F-Secure and You vs. the Investigatory Powers Bill

Privacy

The fight for online privacy is heating up in the UK, where the Government is discussing the controversial Investigatory Powers Bill. And F-Secure, as both a security provider and a concerned corporate citizen, is declaring its opposition to this dangerous encroachment on people’s online privacy and security. The company has started an online petition that businesses can sign, which will serve as a collective warning to the Government about the damage the bill could cause to the British economy.

The bill is essentially the British Government’s attempt to seize power over people’s personal data by giving them the legal right to break the security software and procedures used to secure digital communications. In practice, this will mean forcing companies to provide the British Government with tools they can use to bypass security measures meant to protect data, which will give them access to things like personal messages, documents and other types of information people send over secure digital channels. In some cases, the Government could even force companies to build backdoors into software that the authorities can use to monitor and control devices like laptops and mobile phones.

What is little mentioned is the adverse effect this will have on British businesses. With the knowledge that the British Government can access encrypted data, customers will lose trust in their suppliers and take their business elsewhere. Industry revenues will drop, as will tax revenues. The point is, this isn’t just an argument about civil liberties. It will also effect the economy, which no one wants.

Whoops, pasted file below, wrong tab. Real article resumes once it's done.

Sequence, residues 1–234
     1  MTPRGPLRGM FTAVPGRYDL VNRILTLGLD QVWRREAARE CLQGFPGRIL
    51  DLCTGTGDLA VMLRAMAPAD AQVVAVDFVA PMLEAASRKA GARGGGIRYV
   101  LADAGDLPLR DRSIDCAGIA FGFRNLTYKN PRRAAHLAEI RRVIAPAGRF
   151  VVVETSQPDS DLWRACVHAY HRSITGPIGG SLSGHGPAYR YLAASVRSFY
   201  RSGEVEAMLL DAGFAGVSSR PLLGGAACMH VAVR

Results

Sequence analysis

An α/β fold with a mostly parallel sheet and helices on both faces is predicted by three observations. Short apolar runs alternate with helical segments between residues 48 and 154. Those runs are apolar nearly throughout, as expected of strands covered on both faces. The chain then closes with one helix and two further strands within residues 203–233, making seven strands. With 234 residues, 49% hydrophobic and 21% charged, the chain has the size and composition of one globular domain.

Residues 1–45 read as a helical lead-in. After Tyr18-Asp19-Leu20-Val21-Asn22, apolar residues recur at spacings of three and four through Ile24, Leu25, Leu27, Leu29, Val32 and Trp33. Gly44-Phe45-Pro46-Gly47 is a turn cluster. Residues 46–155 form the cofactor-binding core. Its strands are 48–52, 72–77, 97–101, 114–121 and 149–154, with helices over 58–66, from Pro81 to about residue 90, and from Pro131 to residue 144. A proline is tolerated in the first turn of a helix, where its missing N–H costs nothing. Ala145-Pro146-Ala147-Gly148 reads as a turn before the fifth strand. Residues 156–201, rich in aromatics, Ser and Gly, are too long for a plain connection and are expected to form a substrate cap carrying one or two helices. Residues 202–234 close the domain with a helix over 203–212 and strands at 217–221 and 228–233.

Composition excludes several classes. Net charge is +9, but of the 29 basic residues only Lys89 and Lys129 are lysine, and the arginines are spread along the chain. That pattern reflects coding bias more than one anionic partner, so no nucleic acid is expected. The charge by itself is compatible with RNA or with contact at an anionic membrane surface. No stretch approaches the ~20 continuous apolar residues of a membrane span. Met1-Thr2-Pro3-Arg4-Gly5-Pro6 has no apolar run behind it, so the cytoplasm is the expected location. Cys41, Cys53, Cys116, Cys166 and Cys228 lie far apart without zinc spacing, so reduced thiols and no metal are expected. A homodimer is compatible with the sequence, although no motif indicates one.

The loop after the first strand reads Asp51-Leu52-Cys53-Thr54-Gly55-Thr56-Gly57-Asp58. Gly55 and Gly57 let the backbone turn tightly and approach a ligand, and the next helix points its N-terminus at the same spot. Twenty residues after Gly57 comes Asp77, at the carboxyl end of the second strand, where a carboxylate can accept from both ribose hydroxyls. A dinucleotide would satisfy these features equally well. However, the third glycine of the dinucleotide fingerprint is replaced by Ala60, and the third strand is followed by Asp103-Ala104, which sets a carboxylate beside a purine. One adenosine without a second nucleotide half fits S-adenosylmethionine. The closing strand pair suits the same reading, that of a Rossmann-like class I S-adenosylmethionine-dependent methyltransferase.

Security technologies like encryption are what lock the doors that protect digital data. It’s not a perfect system or a guarantee of privacy, but for the most part, it works pretty well. Edward Snowden has described it as “defense against the dark arts” for the digital world.

Snowden has also called pressure applied to companies to break security technologies, such as encryption, should be seen as an “insecurity mandate” – and warns that after one government successfully pressures companies to break their security, other governments will follow suite. Breaking technologies and pressuring companies to provide less security for their customers’ data is a slippery slope, and it’s not going to be easy to recover from, if it remains unchallenged.

The specifics of the Investigatory Powers Bill won’t be announced until next week, but F-Secure isn’t going to wait until it’s too late to stop the erosion of online privacy. We’ve drafted an open letter to the British Government lobbying it to consider the importance of protecting online privacy to the UK’s economy, and how attacking that privacy will undermine the trust customers place in online service providers.

F-Secure’s petition has already been signed by over 40 businesses, and was published earlier today in The Times. You can check it out by clicking here.

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